If you’ve already seen movies which action takes places in Paris, which is highly likely, it’s very likely that you didn’t escape shots on the Pont de Bir-Hakeim. Inception for example… we must say its central part, under the viaduct, plays along for photographs and shootings.
Like other bridges in Paris such as the Pont de l’Alma or the Pont Alexandre III, the Pont de Bir-Hakeim has been built on the occasion of a World Fair: the 1878 World Faire. The first version of the bridge, at least: a metallic and pedestrian footbridge, the Passerelle de Passy.
In 1902, the footbridge is rebuilt after an architecture contest has been organized and won by engineer Louis Biette and architect Jean-Camille Formigé. The idea is to allow pedestrians as well as cars and metro to go on the new bridge. Indeed, since the late 19th century, the metro is developed in Paris and a viaduct is built on the new bridge to have the metro line 6 go over it.
The architect and the engineer come up with one of the most beautiful bridges in Paris. The Pont de Bir-Hakeim is a two-story work: one for pedestrians, bicycles and cars, the other for the metro. Cast iron statues by Gustave Michel (Nautes and Forgerons) adorn the stone pillars while four allegories (Science, Labor, Electricity, Commerce) embellish the main arch made of masonry. The curved columns supporting the metro rails are inspired by Art Nouveau.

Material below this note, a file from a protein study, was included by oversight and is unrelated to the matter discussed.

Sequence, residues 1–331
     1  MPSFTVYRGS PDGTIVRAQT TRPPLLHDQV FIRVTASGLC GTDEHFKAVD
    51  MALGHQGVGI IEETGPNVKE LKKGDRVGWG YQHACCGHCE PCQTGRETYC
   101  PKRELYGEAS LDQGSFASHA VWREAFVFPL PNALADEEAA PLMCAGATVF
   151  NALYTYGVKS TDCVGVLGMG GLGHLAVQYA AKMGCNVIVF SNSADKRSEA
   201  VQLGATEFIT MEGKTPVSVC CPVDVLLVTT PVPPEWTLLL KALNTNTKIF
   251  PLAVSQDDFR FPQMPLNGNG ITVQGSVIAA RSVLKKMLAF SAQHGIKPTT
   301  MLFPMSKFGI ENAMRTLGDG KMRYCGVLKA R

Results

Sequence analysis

In June 1942, the bridge is known as the Viaduc de Passy and renamed Pont de Bir-Hakeim in tribute to the Free French Forces in Libya in 1942.
Please note that a stroll on the Île aux Cygnes, along the Seine, is possible from the middle of the bridge via the flight of stairs that go down. Don’t forget either that the Pont de Bir-Hakeim offers an unobstructed view on the Eiffel Tower: the perfect place to admire the major Parisian events, such as the Bastille Day fireworks on July 14!
Pont de Bir-Hakeim
Pont de Bir-Hakeim
75015 Paris 15